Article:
The World of Ghibli Featurette
Disney's bonus material for the new Studio Ghibli DVDs revolve around the moniker, "The World of Ghibli." This consists of three segments: complete storyboards (e-konte), "Behind the Studio," and "Enter the Lands." Let's take a look at what's on the second Laputa: Castle in the Sky disc.
"Behind the Studio" is a remarkable surprise. It's a collection of interviews with Hayao Miyazaki, Toshio Suzuki, and Joe Hisaishi. The interviews are cut into five short segments - The World of Laputa; Creating Castle in the Sky; Character Sketches; Producer's Perspective: Meeting Miyazaki; and Scoring Miyazaki.
These interviews were filmed in 2009 in Japan, and I'm curious to know how many were filmed. Everything depends on when the next wave of reissued DVDs and Blu-Ray discs arrive.
Japanese movie trailers are included once again, and this is a welcome sight. I always enjoy seeing the previews, especially Castle in the Sky, Studio Ghibli's inaugural movie. "Following the famed Nausicaa, Director Hayao Miyazaki's latest creation," goes the tagline. The name of the studio is never mentioned; in 1986, there are no expectations or plans beyond this one film, that Ghibli would become famous throughout the world (it's easy to forget sometimes that these are purely Japanese movies, with no expectation of being seen elsewhere).
Disney's old "Behind the Microphone" feature appears once again. James Van Der Beek is just as embarassing as ever, Cloris Leachman and Mark Hamill are still chewing the scenery. Cartoon dubs really can be cheesy sometimes. But Disney has improved vastly since John Lasseter took over the Ghibli dubs, and we're all the more grateful for it. I really don't like this dub...but, eh, shrug. To each their own.
"Enter the Lands" is a rather interesting feature. It's an interactive menu, presented as a large map containing (most) of the Studio Ghibli movies. All of the films are present, except, of course, for Grave of the Fireflies, Omohide Poro, Umi ga Kikoeru, and Gedo Senki. We're never going to see those films in America, sadly. At least Grave of the Fireflies is available on DVD by another label.
One pleasant surprise - and I really never believed Disney would touch this movie again - is Mononoke. San is right there on the upper right corner of the screen. This does strongly suggest that Disney will reissue Mononoke on DVD/BD. Frankly, I'll believe it when I see it.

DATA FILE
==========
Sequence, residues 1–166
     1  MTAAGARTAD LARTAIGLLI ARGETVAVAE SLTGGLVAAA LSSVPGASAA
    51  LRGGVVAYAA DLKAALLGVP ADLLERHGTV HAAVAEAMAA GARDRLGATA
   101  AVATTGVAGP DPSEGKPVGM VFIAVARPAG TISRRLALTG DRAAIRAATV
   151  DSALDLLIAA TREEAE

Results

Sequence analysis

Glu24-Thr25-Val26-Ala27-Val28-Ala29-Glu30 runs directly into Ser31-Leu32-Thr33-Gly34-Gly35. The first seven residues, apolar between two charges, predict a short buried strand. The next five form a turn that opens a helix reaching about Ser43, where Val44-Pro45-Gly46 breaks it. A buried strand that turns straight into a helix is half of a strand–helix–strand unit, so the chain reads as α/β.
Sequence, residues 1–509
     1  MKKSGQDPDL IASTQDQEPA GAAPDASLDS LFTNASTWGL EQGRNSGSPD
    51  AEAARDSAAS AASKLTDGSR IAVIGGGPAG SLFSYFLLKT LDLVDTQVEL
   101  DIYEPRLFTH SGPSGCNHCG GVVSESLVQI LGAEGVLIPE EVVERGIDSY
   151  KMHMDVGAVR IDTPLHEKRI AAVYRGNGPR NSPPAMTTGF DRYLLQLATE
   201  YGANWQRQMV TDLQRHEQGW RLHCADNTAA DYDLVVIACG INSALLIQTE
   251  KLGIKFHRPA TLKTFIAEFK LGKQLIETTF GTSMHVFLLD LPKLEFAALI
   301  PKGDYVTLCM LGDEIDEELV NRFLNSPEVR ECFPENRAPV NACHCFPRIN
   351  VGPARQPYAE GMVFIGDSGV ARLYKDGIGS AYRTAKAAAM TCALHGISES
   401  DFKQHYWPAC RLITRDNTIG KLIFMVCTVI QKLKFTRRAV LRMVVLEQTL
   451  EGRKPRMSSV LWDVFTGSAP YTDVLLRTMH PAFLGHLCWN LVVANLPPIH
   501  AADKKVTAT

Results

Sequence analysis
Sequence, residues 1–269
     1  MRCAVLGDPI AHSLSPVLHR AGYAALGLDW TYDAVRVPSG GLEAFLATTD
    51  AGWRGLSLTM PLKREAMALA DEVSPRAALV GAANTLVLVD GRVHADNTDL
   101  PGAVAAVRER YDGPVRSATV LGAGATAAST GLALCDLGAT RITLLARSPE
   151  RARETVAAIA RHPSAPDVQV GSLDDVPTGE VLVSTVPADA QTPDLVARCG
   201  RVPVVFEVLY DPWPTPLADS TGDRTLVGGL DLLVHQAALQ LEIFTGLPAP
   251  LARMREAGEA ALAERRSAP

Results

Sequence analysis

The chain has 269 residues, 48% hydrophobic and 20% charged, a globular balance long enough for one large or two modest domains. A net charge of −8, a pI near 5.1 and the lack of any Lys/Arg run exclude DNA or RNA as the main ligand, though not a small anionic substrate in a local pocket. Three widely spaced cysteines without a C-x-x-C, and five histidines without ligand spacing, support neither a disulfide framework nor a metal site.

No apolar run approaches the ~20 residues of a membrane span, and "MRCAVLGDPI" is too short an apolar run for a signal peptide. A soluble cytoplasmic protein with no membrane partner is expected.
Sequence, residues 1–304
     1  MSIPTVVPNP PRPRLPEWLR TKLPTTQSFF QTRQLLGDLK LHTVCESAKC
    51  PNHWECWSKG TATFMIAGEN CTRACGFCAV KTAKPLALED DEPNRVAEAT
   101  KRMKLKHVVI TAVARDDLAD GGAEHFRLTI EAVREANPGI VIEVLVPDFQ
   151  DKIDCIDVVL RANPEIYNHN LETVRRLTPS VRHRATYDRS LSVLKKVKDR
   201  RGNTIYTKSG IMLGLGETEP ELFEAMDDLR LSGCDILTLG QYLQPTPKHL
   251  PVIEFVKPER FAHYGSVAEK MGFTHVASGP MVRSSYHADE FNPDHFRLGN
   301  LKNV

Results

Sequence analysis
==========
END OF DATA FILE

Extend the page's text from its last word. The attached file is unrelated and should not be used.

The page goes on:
I don't understand why Disney simply doesn't release the Ghibli catalog on its own label, without the Disney moniker. If there were at least one degree of separation, perhaps that would calm the nerves of the executives who have nightmares about the Dumb Proles storming their walls because of cartoons with severed limbs and bath houses and menstruation. Just sayin'.
Enter the Lands is more of an interactive toy for the kiddies; the rest of you will be bored quickly and move on. You click on the menu items, watch brief clips, and learn about the movie characters. The narrator is talking in a DisneySpeak dialect, sounding a bit like new parents. Ooogly Googly, whoooze the happy babyyyy? Awwww, smoochie smoochie smoochie! Yeah, don't you laugh. You'll have kids one day and it'll happen to you. It's like catching the Chicken Pox; everybody has to suffer through it once.
Finally, I'd like to pay my compliments on the wonderful new menus. The style is very restrained, easy on the eyes, and easy to navigate. Thank goodness the days of heavily animated menu screens are behind us. I just want to get to the movie, please. Disney has done an outstanding job with the presentation. You can see the care and dedication in their work, and it's really the first time I can say that honestly. In previous years, the Ghibli catalog was treated with something bordering on contempt, like a Thanksgiving dinner with relatives you avoid the rest of the year.
If you're wondering if you should buy Castle in the Sky, or Totoro, or Kiki, even though you have the older releases, I'm giving you my endorsement. These are excellent reissues and will make a fine addition to your movie library. Excellent job, Disney! You get a cookie.